|ConvergeIT Cabling||Maximum Operating Temperature (°C)||Maximum Current for a Single Conductor (A)||Total Maximum Current for a 4-pair Channel (A)|
|Category 5e, 6 and 6A UTP and F/UTP||25
|Category 7 S/FTP||25
|Maximum Operating Voltages for Cabling Installed in Dry Conditions
Maximum Circuit Power: 100 VA
Maximum Current: Specified above
AC Voltage RMS
DC Voltage (V)
DC Voltage Peak (V)
(Interrupted at 10 to 200Hz)
Life Safety and Seperation of Services
Low-voltage communications applications shall be separated from other electrical cabling and services in accordance with the latest applicable local and national code requirements and the local Authority Having Jurisdiction (AHJ). In the United States, Article 800 of the National Electrical Code® 11 describes life safety and electrical safety considerations, including separation requirements, for communications cables including voice, audio, video, data, interactive services, and outside wiring for fire and burglar alarms from the communications utility to the customer's communication equipment. Refer to Article 725 of the National Electrical Code® for information on Class 1, Class 2, and Class 3 remote control, signaling, and power limited circuits.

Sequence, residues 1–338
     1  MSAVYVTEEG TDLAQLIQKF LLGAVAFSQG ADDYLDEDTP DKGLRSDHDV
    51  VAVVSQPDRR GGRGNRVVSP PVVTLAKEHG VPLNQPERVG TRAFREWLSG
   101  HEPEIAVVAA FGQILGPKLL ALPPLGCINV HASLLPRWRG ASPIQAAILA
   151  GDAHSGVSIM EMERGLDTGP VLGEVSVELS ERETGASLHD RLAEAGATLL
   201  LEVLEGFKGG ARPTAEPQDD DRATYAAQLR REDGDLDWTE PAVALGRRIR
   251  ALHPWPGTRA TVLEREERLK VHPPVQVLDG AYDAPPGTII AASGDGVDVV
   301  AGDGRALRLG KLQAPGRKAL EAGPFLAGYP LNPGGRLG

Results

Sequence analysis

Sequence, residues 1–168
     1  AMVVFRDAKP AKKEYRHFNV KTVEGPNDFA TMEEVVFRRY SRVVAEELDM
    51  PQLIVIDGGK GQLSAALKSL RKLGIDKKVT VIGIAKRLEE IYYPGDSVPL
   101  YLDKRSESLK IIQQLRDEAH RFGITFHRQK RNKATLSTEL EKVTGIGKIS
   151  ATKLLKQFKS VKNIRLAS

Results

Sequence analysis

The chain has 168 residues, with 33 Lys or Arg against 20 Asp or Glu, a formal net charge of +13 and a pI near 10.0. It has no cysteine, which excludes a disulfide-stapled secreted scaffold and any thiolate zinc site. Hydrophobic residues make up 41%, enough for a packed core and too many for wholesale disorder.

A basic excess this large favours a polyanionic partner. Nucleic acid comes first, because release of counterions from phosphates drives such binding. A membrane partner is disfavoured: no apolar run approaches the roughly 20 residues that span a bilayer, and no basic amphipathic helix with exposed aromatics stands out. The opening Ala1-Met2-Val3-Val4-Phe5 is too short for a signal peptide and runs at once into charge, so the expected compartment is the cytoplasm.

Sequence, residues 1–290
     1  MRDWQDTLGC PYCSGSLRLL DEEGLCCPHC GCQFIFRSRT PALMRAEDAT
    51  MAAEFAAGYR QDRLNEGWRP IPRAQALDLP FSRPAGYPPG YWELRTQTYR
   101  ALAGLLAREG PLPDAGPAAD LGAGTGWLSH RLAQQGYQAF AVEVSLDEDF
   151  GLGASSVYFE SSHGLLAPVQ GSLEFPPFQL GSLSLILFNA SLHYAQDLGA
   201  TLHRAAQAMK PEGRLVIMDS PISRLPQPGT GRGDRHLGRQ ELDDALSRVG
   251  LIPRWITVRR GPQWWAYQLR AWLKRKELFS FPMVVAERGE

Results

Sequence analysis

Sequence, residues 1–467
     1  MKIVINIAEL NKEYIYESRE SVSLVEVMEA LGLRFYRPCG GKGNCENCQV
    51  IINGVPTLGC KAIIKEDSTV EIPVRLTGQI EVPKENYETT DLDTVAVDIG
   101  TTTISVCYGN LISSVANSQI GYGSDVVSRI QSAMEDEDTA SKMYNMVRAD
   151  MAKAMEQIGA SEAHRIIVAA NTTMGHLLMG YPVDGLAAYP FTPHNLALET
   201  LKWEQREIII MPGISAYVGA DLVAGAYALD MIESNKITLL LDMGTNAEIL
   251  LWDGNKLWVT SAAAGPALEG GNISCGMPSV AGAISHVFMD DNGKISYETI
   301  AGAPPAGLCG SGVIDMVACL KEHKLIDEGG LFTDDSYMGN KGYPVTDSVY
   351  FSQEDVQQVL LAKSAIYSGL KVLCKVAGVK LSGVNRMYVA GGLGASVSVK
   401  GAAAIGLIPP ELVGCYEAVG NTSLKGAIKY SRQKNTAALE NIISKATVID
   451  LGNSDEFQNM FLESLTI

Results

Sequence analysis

Here's what leading low-voltage device and network equipment manufacturers are saying about the Siemon ConvergeIT cabling solution:
"Siemon's ConvergeIT greatly improves the efficiency and flexibility of the structured cabling plant, providing a scalable foundation enabling convergence of a building's systems into a common IP network environment. This helps us deliver to our clients the Johnson Controls® Technology ContractingT approach of integrated, intelligent, sustainable buildings that have higher performance and productivity with a lower life cycle cost, including lower energy use."
- Hugh Hudson, Director of Business Development, Johnson Controls
"ConvergeIT harmonizes with Cisco's Internet Business Solutions Group (IBSG) Connected Real Estate Practice, which emphasizes the ability to facilitate intercommunication and interaction among buildings and digital infrastructures"
- Kevin O'Donnell, Executive Consultant, Internet Business Solutions Group, Cisco, United Kingdom
The IP-enabled network device market is growing fast. Siemon ConvergeIT networks are ready to support these new and emerging intelligent building technologies.
Building costs are greatest during the operation phase. Siemon ConvergeIT networks support device management implementations that can significantly improve building energy consumption, security, and emergency response time; thereby reducing operational costs and improving efficiency. In addition, ConvergeIT zoned cabling solutions positively impact overall cost and green performance by facilitating rapid deployment in large coverage areas, efficient pathways utilization, ease of system upgrades, adds, moves, and changes, and rapid reorganization of floor space.
50% of building costs incurred are during the operation phase."